Eggs will largely disappear from grocery store shelves in Massachusetts on January 1, 2022, unless state lawmakers act quickly to change a tough new animal welfare law.
What are the details?
In 2016, Massachusetts voters overwhelmingly passed an animal treatment measure that, in part, made it illegal to sell eggs born to hens with less than 1.5 square feet of floor space in their pen. Now that ruling, which is expected to take effect in 2022, is coming home and threatening to wipe out the state’s egg supply.
According to the Boston GlobeEgg industry representatives such as the New England Brown Egg Council predict the new rules will reduce the state’s current egg supply by about 90 percent.
The council’s chief executive, Bill Bell, told the Globe that “retailers are in a huge dilemma”, adding: “you’re just facing a huge shortage”.
“It will be the egg of Armageddon if they don’t fix the law”, warned Steve Vendemia, president of Hillendale Farms in Connecticut, which has about 2 million egg-producing chickens sold in Massachusetts supermarkets. Under the new rules, he will not be able to sell the product.
Brad Mitchell, director of the Massachusetts Farm Bureau, says WCVB-TV that the new rules will prevent egg producers from meeting state demand because, on average, hens lay one egg per day and each resident eats one egg per day.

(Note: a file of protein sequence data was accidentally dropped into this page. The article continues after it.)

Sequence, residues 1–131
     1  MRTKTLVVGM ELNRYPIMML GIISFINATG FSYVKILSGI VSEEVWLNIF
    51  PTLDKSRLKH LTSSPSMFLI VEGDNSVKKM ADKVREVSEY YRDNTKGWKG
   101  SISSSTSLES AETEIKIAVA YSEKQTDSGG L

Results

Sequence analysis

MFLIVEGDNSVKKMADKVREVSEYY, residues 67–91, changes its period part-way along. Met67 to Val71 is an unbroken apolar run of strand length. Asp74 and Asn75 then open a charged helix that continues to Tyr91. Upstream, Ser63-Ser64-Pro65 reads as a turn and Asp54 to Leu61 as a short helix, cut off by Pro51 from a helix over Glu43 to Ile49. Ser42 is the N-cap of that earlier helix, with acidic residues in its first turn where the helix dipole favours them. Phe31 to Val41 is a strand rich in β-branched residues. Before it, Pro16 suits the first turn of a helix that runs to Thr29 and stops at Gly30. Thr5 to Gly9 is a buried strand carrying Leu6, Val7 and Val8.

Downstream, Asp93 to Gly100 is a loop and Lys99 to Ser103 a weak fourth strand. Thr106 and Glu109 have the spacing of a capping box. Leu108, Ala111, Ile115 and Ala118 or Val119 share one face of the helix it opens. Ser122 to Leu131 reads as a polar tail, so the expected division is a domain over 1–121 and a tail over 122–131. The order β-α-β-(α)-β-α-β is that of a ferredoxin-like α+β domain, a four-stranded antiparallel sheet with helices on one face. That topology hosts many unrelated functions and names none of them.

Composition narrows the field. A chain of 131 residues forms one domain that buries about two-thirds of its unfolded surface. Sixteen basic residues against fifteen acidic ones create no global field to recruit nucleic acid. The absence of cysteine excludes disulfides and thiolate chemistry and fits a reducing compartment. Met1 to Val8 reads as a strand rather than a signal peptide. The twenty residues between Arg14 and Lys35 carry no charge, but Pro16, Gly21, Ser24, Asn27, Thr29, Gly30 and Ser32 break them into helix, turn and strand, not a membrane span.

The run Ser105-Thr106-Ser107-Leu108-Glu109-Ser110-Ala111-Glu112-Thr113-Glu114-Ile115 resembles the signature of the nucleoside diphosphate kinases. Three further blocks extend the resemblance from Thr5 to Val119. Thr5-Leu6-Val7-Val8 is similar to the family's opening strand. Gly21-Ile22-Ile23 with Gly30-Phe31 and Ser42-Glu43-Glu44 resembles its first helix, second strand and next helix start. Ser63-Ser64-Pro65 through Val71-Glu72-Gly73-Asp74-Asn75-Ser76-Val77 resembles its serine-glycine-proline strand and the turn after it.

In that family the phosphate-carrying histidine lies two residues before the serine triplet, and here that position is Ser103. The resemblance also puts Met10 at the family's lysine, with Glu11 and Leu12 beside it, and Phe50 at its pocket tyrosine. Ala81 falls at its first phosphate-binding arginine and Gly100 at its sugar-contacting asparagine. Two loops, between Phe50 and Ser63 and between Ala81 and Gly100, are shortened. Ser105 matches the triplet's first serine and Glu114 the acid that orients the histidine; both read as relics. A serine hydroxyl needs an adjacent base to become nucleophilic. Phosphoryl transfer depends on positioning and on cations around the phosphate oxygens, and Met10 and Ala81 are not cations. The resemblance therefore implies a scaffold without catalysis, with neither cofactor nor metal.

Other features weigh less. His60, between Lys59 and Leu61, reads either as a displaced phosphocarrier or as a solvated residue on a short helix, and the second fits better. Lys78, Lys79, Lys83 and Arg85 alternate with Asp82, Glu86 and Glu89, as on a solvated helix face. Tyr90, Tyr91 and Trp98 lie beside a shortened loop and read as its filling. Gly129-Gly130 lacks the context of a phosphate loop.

“We have about 300,000 to 400,000 laying hens in Massachusetts. We have about 7 million, so do the math,” Mitchell explained.
The new standards, which apply to all egg products, also cover eggs imported from other states.
“[It’s] not just eggs. They are also egg products,” Bob Beauregard, general manager of The Country Hen in Hubbardston, told WCVB. So hard-boiled eggs, liquid eggs should all be taken off the shelf on January 1 if the law doesn’t change.”
The state’s Republican Gov. Charlie Baker voted for the ballot measure in 2016. But now he’s joining the chorus of worried residents. This week, he urged lawmakers to make the changes needed to stave off this embarrassing crisis.
“Everyone is already paying too much at the grocery store, and not addressing this egg supply issue will drive up costs even further,” Baker said. tweeted Tuesday afternoon. “I urge lawmakers to reach consensus shortly before these rules take effect in January.”
Boston.com reported that even some animal rights groups, such as the Humane Society, have come out in favor of relaxing standards to avoid chaos in state grocery stores.
Negotiations are reportedly underway in the state legislature to resolve the issue, but time is running out.